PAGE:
‘Disgraced’ is a brave and powerful look at race and religion in America

One of the biggest current tragedies in Austin theatre right now is the disappearance of performance spaces. What this leads to is artists converting atypical spaces into theatres, meaning you can find great talent in the strangest places. One of these places, buried in the heart of what was once Highland Mall, among blank storefronts and the silence of empty tile floors, is Austin Playhouse. Don’t let the surroundings fool you, however, because inside this peculiar space is a bold and brave company, who takes on one of the most daring and powerful plays of the season with “Disgraced”, the story of Middle Eastern-American apostate who must come to terms with what it means to be Muslim in America.

As “Disgraced” begins, we’re introduced to Amir, a former Muslim from Pakistan who is a successful lawyer at a prestigious law firm. Though ardently against the Muslim faith, his white, artist wife is heavily into Islam, utilizing its history and techniques in her art. Over the course of the play, we’re introduced to characters and situations that force Amir to come to terms with his Islamic heritage, and the weight it carries, which culminates in one of a violent, fiery climax.

“Disgraced” is a play full of escalation, with emotions reaching their boiling points before blowing over, so it’s very important that the actors handle their emotions with a clear balance. If they don’t go far enough, the actors lose believability, but if they let their emotions out too quickly, the performances could come off as one note, so hitting the right middle ground is paramount. Luckily, the actors here are well up to task, pleasant to spend time with in the early stages, raising the emotional intensity throughout the play, reaching their height during the dinner party in the heart of the piece. As the action is left to rise naturally, more intense moments hit with that much more power, adding to the unsettling quality of the text to create something truly moving.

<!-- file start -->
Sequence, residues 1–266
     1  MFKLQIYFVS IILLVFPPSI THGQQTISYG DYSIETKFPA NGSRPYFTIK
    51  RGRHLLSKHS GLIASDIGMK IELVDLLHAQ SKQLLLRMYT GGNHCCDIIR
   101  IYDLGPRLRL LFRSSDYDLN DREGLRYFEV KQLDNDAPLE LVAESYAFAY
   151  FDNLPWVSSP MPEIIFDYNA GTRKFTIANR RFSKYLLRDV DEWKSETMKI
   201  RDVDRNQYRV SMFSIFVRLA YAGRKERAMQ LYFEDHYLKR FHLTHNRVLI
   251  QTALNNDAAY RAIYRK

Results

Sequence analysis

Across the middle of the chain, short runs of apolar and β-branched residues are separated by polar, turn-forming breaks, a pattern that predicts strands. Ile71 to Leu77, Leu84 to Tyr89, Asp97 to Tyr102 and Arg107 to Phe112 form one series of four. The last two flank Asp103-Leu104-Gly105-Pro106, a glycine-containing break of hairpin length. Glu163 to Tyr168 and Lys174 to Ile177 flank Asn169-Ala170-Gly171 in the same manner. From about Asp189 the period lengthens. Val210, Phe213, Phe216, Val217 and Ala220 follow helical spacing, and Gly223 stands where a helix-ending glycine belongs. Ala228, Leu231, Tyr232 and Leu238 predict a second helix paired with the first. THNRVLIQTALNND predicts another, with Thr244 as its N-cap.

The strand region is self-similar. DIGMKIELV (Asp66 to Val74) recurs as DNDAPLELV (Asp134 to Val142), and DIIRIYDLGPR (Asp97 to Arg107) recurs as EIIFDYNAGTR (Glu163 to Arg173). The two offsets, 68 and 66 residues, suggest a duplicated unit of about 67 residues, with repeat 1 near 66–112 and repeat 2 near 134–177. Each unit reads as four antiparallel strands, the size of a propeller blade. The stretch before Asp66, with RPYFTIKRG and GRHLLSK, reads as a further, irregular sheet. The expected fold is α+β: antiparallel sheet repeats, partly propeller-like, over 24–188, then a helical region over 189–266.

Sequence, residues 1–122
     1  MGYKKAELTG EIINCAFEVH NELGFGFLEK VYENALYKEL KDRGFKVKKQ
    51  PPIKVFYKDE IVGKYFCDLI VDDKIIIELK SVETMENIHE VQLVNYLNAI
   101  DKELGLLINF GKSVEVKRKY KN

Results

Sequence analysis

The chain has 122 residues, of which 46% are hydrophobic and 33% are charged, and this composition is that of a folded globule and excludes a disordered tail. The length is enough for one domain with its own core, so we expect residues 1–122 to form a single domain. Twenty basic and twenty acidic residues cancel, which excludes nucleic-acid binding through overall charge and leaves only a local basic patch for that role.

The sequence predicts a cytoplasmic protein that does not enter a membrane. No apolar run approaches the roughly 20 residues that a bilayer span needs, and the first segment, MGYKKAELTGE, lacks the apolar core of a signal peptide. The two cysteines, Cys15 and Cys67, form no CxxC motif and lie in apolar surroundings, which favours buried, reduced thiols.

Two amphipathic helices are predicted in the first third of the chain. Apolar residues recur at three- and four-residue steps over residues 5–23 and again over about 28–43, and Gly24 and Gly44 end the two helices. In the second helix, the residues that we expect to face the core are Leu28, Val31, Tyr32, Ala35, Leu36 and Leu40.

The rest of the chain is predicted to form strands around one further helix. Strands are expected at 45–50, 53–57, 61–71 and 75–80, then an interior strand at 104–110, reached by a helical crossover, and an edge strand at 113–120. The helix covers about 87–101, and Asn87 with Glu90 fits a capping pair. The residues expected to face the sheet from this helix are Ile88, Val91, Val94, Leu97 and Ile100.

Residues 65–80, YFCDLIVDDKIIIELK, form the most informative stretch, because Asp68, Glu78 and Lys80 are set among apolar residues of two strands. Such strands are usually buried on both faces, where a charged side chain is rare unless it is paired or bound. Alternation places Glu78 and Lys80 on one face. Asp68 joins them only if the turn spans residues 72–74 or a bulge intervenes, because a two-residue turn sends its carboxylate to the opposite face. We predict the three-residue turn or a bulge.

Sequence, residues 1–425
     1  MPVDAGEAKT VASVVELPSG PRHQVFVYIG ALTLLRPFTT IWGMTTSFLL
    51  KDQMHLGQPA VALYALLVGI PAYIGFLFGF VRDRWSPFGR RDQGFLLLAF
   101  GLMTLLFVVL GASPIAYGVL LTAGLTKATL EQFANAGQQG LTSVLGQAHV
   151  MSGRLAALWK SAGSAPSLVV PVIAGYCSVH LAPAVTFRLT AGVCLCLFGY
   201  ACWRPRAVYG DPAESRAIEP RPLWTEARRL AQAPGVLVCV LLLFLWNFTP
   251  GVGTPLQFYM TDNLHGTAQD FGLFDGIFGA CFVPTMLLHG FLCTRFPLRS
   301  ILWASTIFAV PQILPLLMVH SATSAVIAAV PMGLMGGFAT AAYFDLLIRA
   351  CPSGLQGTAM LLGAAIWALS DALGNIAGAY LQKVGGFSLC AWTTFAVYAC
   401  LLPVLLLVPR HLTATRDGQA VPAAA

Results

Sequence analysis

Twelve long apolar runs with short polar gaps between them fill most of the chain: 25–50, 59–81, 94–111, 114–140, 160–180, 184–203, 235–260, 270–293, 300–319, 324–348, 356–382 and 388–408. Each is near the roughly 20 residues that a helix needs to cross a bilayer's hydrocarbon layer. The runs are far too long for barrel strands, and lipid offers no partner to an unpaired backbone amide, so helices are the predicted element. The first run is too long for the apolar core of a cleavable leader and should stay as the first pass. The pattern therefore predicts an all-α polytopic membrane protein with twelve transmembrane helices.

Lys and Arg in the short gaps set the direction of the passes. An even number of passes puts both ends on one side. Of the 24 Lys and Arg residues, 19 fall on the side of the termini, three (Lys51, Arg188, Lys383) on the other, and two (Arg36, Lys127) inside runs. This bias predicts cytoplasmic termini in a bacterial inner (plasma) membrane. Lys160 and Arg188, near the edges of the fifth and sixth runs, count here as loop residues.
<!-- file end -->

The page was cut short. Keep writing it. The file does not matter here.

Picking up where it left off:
From the first moment we see him, J. Ben Wolfe brings with him plenty of stage presence, but it’s his vulnerability that makes him shine brightest here. Though clad in a hard outer shell, there is something soft inside Wolfe’s Amir that comes out when he feels he’s under attack. During the play’s climax, when Amir flies off the handle and starts saying horrifying things, we can hear, even in his rage, a sorrow, a feeling of alienation. He’s removed himself from Islamic community, but is also separated from the outside world thanks to the “otherness” of being Middle Eastern, which puts him in a difficult place, a man alone, stuck between two worlds. When this bashes against other strong beliefs, such as the strong Islamic beliefs of his wife and nephew, or the Jewish beliefs of Michael Miller’s Isaac, sparks fly, and we get amazing moments of theatrical fireworks. Wolfe is able to control these feelings, however, creating a controlled burn that keeps the audience’s attention without setting the stage ablaze.

Though Wolfe carries much of the weight of the play, his supporting cast doesn’t shy away from shining out when the moment strikes. Michael Miller in particular gives one of his most daring performances, sharpening his usual well-honed neurosis into something more intriguing, a slow-burning anger that hides behind his usual cheerful awkwardness until it rips out in a fiery tirade. Also bringing the heat is Crystal Bird Caviel, whose mixture of brashness and sensitivity is a delight, as she gives one of the most authentic performances in the piece. Finally, we have the always spectacular Molly Karrasch as Amir’s wife, Emily, who is never less than believable as the white Muslim wife of an apostate, and who brings her unique brand of emotional intelligence to the role, playing off each of her co-stars with skill.

“Disgraced” is a brave play, tackling taboo subjects of Islamophobia and national pride, and Austin Playhouse produces one of their most daring productions from it. It shows Austin Playhouse as a company unafraid to take risks and push the limits of what Austin theatre-goers can expect, showing that, even in a theatre buried in a rundown old mall, wonders can be found.

Austin Playhouse’s “Disgraced” runs through January 31st. For more information, and to purchase tickets, visit austinplayhouse.com.

Photo Courtesy of Christopher Loveless

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